Russian Democracy is a Mushroom

This week The Kremlin shut down the country’s last independent television station. Once there were hundreds. They could bloom again.

Paul Greenberg


“mushroom on the roof” by hans s is marked with CC BY-ND 2.0. To view the terms, visit

The Russian journalist just wasn’t getting it. His task was to speak a few sentences to camera to lead into a feature story about the high price of milk. But he kept flubbing the line or shifting his eyes or rocking back and forth on his feet. Finally I couldn’t take it any more.

“Look,” I told the young man, “we have an expression in my country. When something’s not that hard we say ‘it’s not rocket science.’”

“If it were rocket science I’d have no problem,” replied the journalist-in-training. “I’m a rocket engineer.”

Today I recalled this story of my days training Russian journalists back in the ‘90s when the news dropped that TV Dozhd, Russia’s last independent television station, had been shut down. For those who haven’t followed the Russian media world over the decades since the fall of the Soviet Union, this may seem like just the mundane progress of an autocratic regime routinely snuffing out its candles.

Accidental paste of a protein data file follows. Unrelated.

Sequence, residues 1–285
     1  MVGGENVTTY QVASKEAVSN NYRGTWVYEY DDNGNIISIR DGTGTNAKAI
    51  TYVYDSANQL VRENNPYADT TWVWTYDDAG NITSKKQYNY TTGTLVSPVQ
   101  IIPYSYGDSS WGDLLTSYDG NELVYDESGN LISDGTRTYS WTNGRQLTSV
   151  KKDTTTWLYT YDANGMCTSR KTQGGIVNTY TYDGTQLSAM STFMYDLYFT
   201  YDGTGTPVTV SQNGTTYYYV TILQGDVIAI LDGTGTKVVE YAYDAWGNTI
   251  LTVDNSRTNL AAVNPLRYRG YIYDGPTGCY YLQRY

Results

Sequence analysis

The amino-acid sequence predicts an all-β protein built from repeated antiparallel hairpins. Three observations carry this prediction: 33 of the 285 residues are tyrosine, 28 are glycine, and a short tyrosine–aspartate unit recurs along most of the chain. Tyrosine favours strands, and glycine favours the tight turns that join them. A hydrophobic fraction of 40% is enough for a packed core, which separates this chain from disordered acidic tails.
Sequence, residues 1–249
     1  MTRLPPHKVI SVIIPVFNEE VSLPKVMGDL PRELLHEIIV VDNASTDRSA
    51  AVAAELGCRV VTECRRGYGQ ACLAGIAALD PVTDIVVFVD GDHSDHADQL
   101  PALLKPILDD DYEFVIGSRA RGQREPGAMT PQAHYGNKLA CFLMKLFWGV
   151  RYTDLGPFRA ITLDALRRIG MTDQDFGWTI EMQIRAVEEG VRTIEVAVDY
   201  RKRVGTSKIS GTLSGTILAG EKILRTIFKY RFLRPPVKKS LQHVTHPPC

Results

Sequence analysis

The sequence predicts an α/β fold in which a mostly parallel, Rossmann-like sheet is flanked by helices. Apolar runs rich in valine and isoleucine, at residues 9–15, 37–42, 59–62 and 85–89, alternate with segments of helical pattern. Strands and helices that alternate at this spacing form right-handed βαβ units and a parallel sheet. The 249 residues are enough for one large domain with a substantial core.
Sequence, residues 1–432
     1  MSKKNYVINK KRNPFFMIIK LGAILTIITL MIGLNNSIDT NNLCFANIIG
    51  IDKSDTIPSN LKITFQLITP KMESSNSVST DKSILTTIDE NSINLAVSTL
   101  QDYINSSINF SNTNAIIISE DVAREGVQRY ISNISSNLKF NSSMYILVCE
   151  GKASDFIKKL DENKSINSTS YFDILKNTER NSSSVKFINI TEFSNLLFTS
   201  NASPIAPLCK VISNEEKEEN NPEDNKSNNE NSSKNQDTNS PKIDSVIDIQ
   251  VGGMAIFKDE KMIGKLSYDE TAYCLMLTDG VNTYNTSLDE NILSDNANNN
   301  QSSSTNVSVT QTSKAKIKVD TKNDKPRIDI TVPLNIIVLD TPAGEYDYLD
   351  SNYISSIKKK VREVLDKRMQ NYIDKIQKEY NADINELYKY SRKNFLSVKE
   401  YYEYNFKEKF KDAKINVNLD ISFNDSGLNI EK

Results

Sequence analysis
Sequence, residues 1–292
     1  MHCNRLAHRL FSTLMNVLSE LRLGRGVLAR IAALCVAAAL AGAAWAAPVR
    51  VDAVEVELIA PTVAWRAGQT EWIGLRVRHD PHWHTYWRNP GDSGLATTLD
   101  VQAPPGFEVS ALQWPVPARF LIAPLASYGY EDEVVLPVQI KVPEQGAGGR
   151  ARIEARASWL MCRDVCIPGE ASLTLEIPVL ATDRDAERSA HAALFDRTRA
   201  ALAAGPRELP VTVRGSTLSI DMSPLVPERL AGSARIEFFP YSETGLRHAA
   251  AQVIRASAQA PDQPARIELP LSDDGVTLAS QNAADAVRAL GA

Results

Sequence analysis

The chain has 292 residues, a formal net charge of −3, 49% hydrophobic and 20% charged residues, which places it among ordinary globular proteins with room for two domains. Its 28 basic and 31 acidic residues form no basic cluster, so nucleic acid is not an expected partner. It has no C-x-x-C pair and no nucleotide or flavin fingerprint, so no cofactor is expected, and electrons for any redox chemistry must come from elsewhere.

All that’s now underground could burst forth at a moment’s notice. When things rot mushrooms grow.

But it’s important to note that below Russia’s seemingly extinguished media surface there exist tens of thousands if not millions of independently minded voices waiting to get out. Many of them are not “professional” journalists. Many of them, like the rocket engineer I mentioned above, are entusiasti — enthusiastic average citizens with a need to know and a passion to share the truth.

These voices are like the mushrooms Russians love so much. Their hyphae are spread underground in an interconnected network designed to share knowledge. Before television and the internet was an option, those independent voices shared information through the distribution of hand-typed “samizdat” books and pamphlets. They did so through bootleg cassette recordings of banned music and impromptu poetry readings in kitchens around the country.

When Gorbachev launched his policy of Glasnost these underground hyphae suddenly…



Paul Greenberg

New York Times bestselling author of Four Fish as well as The Climate Diet and Goodbye Phone, Hello World